Despite Concerns, Stronger Regs Lead To Restarting Japanese Reactor

On the same day three workers were injured at the most notorious nuclear reactor on the planet, approval was given by the Japanese government to restart a reactor in the country for the first time since the Fukushima meltdown. Proponents point to stronger regulatory action, but local concern persists.

(AP) — A governor has given final approval for a nuclear power plant to restart in southern Japan, the first to resume operations under new safety rules imposed in the wake of the 2011 Fukushima Dai-ichi meltdowns caused by an earthquake and tsunami. Kagoshima Gov. Yuichiro Ito said the two reactors at the Sendai Nuclear Power Station would be restarted despite concerns among some local residents. "All things considered, I must say that we still need to rely on nuclear energy, and it is extremely important for us to steadily carry out the plan," he told a news conference hours after the prefectural assembly endorsed the restart.

The Sendai reactors are expected to go back online early next year following on-site checks by regulators. Japan's Nuclear Regulation Authority gave them passing grades in July under stricter safety requirements that factored in the lessons of the Fukushima meltdowns. At the Fukushima plant on Friday, three workers were injured, one seriously, when a steel railing fell from the top of a tank being constructed to store contaminated water. The workers were not contaminated with any radiation, but one was unconscious and was airlifted to a hospital. He later regained consciousness, while the two others had less serious injuries.

Massive amounts of contaminated water continue to leak from the damaged Fukushima Dai-ichi reactors, hampering the plant's decommissioning, which is expected to take decades. All 48 workable reactors in Japan have been off line for safety checks or repairs since the 2011 disaster, except for two that operated temporarily for about a year. The Sendai plant would be the first to restart under new safety rules imposed after the Fukushima crisis. The plant's host town, Satsumasendai, has already voted to restart the plant. The governor's endorsement completes the required process of local consent.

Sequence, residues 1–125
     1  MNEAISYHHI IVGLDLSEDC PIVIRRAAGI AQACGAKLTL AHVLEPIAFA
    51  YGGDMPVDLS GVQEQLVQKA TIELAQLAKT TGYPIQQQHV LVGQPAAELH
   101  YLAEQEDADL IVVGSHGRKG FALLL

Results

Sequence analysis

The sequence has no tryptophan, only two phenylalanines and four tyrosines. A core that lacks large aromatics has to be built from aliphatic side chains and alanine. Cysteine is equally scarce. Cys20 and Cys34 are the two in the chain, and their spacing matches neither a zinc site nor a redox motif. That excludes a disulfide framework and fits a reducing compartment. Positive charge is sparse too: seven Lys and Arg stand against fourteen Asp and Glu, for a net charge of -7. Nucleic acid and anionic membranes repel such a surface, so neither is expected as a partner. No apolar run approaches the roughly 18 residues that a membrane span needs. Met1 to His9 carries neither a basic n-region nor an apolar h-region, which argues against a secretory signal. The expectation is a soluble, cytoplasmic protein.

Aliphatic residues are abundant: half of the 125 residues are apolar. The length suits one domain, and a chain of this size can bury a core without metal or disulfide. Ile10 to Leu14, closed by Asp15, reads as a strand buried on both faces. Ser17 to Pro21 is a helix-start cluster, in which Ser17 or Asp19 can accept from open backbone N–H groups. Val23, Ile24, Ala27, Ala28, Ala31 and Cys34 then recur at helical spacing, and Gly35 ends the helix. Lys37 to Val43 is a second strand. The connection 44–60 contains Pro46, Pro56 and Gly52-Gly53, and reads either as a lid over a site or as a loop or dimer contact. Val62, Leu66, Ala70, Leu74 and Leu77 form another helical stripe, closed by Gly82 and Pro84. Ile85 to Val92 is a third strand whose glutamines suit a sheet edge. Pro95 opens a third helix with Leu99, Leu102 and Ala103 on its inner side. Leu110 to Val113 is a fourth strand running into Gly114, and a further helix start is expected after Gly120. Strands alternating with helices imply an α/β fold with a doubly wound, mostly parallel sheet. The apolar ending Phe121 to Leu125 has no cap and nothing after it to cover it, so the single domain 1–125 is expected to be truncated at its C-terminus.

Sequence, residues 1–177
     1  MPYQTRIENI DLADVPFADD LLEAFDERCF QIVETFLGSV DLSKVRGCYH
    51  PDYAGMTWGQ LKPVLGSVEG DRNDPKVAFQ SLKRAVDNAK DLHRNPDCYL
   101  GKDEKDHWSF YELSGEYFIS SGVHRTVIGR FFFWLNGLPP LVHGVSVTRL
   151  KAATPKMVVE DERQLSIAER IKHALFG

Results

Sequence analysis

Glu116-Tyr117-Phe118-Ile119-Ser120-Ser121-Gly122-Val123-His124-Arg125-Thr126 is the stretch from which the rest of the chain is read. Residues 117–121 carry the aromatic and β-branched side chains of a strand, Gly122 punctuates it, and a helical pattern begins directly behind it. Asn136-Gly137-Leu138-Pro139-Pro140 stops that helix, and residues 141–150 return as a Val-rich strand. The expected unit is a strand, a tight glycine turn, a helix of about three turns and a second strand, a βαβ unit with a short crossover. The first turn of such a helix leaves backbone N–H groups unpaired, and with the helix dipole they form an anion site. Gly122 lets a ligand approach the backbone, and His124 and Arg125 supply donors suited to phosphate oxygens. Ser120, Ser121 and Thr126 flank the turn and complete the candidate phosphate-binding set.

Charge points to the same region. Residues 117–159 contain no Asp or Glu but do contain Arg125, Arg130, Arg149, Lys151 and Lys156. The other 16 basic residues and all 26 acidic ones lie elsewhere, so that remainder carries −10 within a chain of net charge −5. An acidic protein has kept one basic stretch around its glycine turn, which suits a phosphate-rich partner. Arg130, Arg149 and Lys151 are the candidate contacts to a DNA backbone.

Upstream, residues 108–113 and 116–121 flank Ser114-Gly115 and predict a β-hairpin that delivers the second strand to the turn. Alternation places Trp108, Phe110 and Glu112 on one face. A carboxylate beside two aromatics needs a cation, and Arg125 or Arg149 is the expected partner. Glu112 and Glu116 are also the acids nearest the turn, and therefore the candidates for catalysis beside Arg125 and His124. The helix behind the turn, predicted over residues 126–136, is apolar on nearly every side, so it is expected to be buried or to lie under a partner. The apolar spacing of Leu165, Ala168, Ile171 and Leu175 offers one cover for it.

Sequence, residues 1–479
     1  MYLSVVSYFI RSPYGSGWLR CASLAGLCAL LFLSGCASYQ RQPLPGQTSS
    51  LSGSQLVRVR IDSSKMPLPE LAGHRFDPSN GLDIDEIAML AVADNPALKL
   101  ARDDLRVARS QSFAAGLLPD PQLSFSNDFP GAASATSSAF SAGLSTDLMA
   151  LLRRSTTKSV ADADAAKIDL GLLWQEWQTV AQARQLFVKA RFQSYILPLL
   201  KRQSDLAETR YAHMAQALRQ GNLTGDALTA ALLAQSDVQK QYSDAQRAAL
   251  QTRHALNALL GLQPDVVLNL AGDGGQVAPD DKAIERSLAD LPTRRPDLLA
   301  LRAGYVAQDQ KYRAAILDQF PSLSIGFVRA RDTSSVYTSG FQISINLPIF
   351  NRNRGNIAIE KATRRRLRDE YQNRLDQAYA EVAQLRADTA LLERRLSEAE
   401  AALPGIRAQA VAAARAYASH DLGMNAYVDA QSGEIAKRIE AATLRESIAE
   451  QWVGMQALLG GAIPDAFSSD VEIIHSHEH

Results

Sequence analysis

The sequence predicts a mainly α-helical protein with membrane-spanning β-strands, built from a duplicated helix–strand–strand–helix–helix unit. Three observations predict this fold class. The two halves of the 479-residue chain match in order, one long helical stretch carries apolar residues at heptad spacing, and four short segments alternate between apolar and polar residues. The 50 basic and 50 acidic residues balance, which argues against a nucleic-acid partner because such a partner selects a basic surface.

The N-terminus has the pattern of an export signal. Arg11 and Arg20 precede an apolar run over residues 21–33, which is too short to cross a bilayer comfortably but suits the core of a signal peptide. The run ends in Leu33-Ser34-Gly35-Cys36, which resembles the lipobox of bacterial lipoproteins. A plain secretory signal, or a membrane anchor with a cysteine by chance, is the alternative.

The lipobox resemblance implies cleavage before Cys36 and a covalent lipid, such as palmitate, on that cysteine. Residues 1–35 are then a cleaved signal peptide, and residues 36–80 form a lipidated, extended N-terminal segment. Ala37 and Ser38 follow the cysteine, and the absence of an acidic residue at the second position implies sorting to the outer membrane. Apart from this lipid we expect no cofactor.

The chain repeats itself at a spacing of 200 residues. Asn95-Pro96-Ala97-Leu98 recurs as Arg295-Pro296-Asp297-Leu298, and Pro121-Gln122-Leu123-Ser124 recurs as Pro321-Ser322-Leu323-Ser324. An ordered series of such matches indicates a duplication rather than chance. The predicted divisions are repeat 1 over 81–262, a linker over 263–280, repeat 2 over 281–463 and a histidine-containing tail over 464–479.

Some residents were not convinced by the decision.

At the prefectural assembly on Friday, the chairman's announcement of the yes vote was nearly inaudible as about 200 citizens in the audience shouted their opposition. They stood up, some holding "NO" signs, while others shouted "Protect residents' lives," and "Shame on you," according to the Kyodo News agency. They are particularly concerned about several active volcanos near the plant after a recent fatal volcanic explosion in northern Japan demonstrated that eruptions are virtually unpredictable.

Prime Minister Shinzo Abe has been pushing to restart some of the 48 reactors, saying a prolonged shutdown will hurt the economy. Japan is heavily dependent on imported sources of energy. Minister of Economy, Trade and Industry Yoichi Miyazawa, who visited Kagoshima to urge the governor to support the government's energy policy, applauded Friday's announcement. "Gaining local residents' understanding is very important," he said.